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Green rocketry

Evonik has developed a highly concentrated form of hydrogen peroxide.
This product has the potential to become the rocket fuel of the future. It’s already being tested today in a European pilot project

Europe is looking for a green pathway to outer space. And this pathway leads through the Evonik production plant in Rheinfelden. Here hydrogen peroxide, H2O2 for short, has been produced for decades—and in recent years it has also been produced for space travel. The Evonik product PROPULSE® is currently driving the turbo pumps of the Russian Soyuz rockets. One rocket of this type, with an output of 26 million hp, also sped the German astronaut Alexander Gerst to the International Space Station (ISS) in June. And one month later, PROPULSE® was used to fuel the space shuttle that provides the ISS crew with food and materials. The Soyuz rockets still use kerosene fuel and are thus continuing the technical tradition of the R-7 rocket that sent the first satellite, Sputnik 1, into orbit back in 1957. They are regarded as being very reliable, but their technology is already fairly old. Another category of rocket fuel is hydrazine and its derivatives, which develop their full power by means of a decomposition catalyst. A crucial disadvantage of hydrazine is that it is categorized as a carcinogenic substance and may even be banned in the European Union in the future.

The EU has promoted the idea of “green rocketry” under the name of Hyprogeo. Here hydrogen peroxide once again plays a role. H2O2 has a very high energy density and breaks down only into steam and gaseous oxygen—a fuel can’t get any cleaner than that. The explosive breakdown of hydrogen peroxide is triggered by contact with a catalyst consisting of a noble metal. As a rule, the necessary starting energy for a hybrid rocket is provided by a solid fuel in addition to the H2O2. In the Hyprogeo project, polyethylene is used. It’s a simple and clean-burning plastic that is also used for plastic bags. The advantage offered by H2O2 is that the oxygen produced by its decomposition can be used for combustion. That means there’s no need for the frozen liquid oxygen that is still used in many rockets.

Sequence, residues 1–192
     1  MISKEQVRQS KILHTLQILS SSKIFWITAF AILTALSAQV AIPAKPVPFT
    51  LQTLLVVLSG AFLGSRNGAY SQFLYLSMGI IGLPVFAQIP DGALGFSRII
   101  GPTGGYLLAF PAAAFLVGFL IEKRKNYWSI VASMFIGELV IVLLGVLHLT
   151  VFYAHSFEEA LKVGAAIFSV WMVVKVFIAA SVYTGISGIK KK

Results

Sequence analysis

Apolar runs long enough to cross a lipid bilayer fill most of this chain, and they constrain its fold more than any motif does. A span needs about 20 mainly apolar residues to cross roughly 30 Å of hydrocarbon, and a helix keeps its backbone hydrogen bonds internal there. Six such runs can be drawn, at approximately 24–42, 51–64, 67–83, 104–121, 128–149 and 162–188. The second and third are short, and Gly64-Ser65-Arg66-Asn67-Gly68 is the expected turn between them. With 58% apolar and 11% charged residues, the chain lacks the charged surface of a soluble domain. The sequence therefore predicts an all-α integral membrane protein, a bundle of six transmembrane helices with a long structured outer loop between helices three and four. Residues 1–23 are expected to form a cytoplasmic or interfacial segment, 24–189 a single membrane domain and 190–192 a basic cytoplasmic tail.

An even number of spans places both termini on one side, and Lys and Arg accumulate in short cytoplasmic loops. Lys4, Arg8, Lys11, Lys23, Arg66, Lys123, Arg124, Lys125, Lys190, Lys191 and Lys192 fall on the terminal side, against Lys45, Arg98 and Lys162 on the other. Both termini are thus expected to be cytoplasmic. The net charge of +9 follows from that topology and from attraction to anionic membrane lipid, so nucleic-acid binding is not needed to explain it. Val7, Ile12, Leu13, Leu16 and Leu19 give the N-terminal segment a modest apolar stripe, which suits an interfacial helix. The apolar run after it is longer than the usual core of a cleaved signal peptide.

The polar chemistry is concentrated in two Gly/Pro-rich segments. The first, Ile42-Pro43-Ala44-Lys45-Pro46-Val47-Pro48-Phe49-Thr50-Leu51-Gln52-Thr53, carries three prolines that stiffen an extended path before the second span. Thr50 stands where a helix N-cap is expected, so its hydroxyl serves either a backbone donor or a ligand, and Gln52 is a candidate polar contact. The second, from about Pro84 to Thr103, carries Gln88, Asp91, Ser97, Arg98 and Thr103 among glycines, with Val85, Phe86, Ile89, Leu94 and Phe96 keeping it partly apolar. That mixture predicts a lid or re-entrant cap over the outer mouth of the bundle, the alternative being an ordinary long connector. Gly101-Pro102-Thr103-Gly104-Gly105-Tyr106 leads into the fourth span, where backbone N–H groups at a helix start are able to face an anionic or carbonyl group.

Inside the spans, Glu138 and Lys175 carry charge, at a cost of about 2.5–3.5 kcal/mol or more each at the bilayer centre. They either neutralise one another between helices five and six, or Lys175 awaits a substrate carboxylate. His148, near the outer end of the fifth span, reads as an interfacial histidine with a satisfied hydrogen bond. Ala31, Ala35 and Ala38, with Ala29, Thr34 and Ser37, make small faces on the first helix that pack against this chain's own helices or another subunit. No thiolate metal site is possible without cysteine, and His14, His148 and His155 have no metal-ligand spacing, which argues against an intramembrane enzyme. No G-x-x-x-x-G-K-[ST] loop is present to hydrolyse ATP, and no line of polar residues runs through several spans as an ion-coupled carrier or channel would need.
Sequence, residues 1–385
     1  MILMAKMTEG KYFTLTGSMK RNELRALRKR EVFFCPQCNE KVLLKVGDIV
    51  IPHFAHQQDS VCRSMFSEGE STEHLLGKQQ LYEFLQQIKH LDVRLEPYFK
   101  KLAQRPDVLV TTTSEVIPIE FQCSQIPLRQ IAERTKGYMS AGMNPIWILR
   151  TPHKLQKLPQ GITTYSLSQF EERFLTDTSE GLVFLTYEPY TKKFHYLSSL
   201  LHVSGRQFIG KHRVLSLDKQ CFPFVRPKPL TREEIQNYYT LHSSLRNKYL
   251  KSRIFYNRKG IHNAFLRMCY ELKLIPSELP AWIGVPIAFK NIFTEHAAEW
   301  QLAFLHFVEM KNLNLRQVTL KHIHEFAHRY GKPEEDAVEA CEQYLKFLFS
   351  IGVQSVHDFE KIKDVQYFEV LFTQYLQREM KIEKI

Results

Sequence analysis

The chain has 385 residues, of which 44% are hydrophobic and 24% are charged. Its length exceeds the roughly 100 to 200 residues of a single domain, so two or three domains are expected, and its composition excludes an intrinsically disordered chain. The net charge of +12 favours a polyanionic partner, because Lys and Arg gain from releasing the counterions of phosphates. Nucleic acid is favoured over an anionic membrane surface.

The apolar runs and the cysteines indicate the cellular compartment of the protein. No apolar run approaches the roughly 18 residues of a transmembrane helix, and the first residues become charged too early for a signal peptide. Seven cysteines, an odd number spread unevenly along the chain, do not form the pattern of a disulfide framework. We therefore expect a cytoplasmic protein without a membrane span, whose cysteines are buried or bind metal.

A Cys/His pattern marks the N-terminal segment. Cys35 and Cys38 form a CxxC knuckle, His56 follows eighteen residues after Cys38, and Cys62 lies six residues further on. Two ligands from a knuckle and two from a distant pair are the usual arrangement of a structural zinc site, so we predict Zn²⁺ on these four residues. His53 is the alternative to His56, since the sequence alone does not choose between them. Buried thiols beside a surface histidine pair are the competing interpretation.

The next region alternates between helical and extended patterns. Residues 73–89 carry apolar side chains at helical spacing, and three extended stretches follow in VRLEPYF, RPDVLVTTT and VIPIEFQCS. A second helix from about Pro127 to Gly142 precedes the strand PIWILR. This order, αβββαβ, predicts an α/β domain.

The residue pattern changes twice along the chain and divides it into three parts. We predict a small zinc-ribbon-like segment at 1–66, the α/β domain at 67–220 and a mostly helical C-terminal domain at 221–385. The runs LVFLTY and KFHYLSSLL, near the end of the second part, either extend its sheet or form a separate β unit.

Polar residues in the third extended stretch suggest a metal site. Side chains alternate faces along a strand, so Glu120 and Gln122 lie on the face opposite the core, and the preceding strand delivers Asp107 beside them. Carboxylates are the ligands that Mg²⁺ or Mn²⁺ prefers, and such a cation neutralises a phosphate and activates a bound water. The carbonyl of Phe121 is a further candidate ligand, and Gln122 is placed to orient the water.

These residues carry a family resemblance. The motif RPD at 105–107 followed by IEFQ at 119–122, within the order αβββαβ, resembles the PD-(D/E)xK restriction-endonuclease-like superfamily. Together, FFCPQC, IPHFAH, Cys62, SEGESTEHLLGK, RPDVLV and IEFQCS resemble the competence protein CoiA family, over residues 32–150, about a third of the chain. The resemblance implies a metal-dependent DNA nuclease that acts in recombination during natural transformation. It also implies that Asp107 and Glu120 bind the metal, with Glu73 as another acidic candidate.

Because weight plays an extremely important role in space travel, the specialists in the Active Oxygens Business Line have improved their product. The new PROPULSE® 875 already consists of 87.5 percent hydrogen peroxide by weight and only 12.5 percent water. In addition, Evonik has developed a process that generates a product consisting of 98 percent hydrogen peroxide by weight: PROPULSE® 980. In this process, water is removed from the solution step by step through crystallization. The plant in Rheinfelden has produced hydrogen peroxide for over 100 years and amassed a wealth of experience in this area. The new product has been used for the tests of Hyprogeo since 2017. H2O2 could even be used as the sole fuel in satellites—for controlling their positions in space, for example. Because using PROPULSE® brings tremendous weight reduction, it is opening up new doors for space exploration.